Big Island Solar System
-National Park Service GIS Specialist, Scott Kichman spent his weekend thinking about stuff like this:
Traveling the Solar System from Hawai’i Volcanoes National Park
Imagine the Sun is represented by the lava lake inside Kīlauea Caldera. The summit lava lake is within a cylindrical vent cavity with a diameter of ~160 m (520 ft) and nearly vertical sides inset within the east wall and floor of Halema’uma’u Crater. This sets our scale model for traveling the solar system in the Hawaiian Islands. So, picture in your mind a 500 foot sun floating above the lava lake.
First stop: Mercury – Mercury would be a 21 inch ball located about 3.9 miles from the lava lake, or if traveling toward Hilo, imagine an average car tire sitting in the front lawn of Kilauea Lodge in Volcano Village.
Next stop: Venus – so now we are about 7.5 miles down the road with the size of Venus at about 4.3 feet in diameter. Think of a toddler’s swimming pool in the parking lot of Akatsuka Orchid Gardens.
Let’s cruise to our next place, home sweet home. Earth – Okay Terra is a little bit bigger than Venus, but not much by our scale. So think of the same pool but located 10.2 miles down the road or right at the intersection of Glenwood Road. If you could see our 500 foot sun, what would it look like from here?
Last stop for the inner solar system: Mars – Now, Mars is about 2.5 feet in size and located 15.5 miles down the road. Can you imagine an umbrella open at the post office in Mountain View? That about represents it.
So between the inner and outer solar system is the asteroid belt, probably some poor planet that exploded long ago. This belt of rocks would be located at Coconut Island in Hilo, and the average asteroid would be softball size.
The distances really start to grow now, as well as the size of the planets. We have to fly around to the west side of the Big Island for our next stop: Jupiter – We’ll be headed in the opposite direction from Kīlauea Caldera to get an idea of distance. So Jupiter is a big ball, like over 50 feet! It would be 53 miles from our lava lake in the caldera. Think of it as a really big water tank located at Kona Airport. There are 2 right across from the airport if you have seen them; it’s the smaller of the two.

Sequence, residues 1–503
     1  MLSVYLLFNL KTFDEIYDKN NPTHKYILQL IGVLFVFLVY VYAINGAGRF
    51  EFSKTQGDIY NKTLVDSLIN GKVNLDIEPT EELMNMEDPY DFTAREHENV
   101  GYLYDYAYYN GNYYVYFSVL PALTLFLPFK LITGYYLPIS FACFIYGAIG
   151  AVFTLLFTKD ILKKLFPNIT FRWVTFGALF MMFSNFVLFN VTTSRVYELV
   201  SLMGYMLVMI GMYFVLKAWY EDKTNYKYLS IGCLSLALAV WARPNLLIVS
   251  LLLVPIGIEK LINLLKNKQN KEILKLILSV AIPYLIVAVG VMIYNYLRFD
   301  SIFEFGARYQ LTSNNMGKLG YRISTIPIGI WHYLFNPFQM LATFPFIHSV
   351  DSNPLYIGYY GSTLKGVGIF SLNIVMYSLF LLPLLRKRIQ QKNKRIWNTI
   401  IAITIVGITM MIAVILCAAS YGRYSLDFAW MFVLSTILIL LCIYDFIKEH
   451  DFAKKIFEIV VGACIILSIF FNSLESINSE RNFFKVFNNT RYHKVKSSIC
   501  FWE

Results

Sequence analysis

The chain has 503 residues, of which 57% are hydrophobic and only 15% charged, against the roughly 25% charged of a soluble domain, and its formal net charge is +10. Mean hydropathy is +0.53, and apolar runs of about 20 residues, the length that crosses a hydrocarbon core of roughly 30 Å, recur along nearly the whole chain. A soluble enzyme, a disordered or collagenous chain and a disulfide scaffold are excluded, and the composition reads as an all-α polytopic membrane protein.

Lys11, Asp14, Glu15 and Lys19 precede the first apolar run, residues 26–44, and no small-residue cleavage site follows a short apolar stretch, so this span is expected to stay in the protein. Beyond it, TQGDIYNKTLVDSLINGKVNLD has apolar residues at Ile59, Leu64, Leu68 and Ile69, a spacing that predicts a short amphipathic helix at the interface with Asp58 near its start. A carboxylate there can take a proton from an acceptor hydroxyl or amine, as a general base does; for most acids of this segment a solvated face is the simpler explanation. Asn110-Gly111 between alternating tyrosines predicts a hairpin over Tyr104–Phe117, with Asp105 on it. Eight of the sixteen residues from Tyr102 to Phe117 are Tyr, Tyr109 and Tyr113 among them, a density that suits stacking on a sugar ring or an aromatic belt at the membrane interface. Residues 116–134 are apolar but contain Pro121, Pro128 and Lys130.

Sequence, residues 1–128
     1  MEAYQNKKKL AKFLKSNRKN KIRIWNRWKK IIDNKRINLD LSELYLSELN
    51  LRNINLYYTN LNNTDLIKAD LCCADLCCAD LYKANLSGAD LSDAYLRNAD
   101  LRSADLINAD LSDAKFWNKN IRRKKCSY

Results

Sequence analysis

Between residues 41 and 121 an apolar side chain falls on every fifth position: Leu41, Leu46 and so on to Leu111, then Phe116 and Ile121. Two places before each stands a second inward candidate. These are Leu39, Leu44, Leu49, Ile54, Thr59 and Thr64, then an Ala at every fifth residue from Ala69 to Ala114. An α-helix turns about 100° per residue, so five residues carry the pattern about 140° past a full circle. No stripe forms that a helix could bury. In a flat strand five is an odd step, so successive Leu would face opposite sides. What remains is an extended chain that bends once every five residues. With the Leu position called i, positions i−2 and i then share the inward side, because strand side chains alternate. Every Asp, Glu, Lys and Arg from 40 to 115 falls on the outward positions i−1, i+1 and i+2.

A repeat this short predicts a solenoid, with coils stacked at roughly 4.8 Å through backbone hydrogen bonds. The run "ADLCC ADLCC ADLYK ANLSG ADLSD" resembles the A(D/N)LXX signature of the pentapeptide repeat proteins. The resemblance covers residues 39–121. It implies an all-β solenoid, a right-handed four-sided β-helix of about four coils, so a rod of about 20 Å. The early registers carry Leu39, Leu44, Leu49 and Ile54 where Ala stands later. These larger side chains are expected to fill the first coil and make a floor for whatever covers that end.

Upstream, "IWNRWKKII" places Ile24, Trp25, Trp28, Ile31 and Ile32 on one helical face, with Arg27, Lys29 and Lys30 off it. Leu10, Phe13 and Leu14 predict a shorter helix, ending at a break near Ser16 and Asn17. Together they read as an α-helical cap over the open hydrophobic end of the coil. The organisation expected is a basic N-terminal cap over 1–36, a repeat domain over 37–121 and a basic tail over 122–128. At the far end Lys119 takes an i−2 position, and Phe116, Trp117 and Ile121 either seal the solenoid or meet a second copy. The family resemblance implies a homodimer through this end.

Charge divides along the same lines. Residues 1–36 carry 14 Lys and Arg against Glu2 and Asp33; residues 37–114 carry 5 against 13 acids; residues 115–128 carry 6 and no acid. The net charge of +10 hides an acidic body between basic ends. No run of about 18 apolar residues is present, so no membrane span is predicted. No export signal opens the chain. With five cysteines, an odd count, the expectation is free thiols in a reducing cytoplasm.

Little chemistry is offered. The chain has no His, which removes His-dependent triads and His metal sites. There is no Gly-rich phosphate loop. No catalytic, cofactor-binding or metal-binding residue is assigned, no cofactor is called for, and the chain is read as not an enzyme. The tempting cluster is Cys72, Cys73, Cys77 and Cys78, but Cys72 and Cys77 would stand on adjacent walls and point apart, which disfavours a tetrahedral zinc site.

Distances keep getting farther away for our next stop: Saturn – We have to leave the Big Island and fly to Maui to get to Saturn. Saturn would be a 40 foot sized ball located just off the southeast coast of Maui, 97 miles away from Kīlauea Caldera. Did you know that if there was a big enough ocean for the real Saturn, it would float?
On to another gas planet: Uranus – Talk about tilted! Uranus’s axis is flopped on its side. Our modeling makes this blue planet about 18 feet in diameter, and located off of Makapu’u Point to the southeast of O’ahu, over 195 miles from the crater! This would be more like some typical home water catchment tanks in size if you can imagine that.
The next stop is very very cold: Neptune – This ice giant is almost the exact same size as Uranus, but not tilted and probably so cold that all the gas is frozen. Now we are over 300 miles from the lava lake, or roughly a catchment tank off the southeast coast of Kaua’i. Can you imagine trying to see the sun ball floating above the lava lake from this distance, even if it was perfectly clear and there was no curve to the earth?
Last stop… yes I still call it a planet: Pluto – 400 miles away in our scale model, and just the size of those red dodge balls we played with back in school. This ball would be floating 40 miles off the northwest coast of Ni’ihau. Could you find it out there if you had to?
So yah, the solar system is big and maybe we can get a better idea of how small we are in the Universe. If you used a football field scale, or there about, you can use different foods to represent the planets in a solar system model. Ideas for foods to use include a large pumpkin for the Sun, a coffee bean for Mercury, a large blueberry for Venus, a cherry for Earth, a pea for Mars, a grapefruit or small cantaloupe for Jupiter, an orange for Saturn, a kiwi for Uranus, an apricot for Neptune and a squash seed for Pluto, if you are including it. The Sun at the 0 yard line and Pluto at 100 yards. Maybe you can figure the rest? You need the scale? It’s 1:9,133,860 .
Oh, the next closest star to our sun would be Alpha Centauri and even at our scale model, it’s about 3 million miles away from Kīlauea Caldera. Its real distance of 74,000,000,000,000 miles would take 4 years at the speed of light to get there.
-Scott Kichman, GIS Specialist (and weekend dreamer)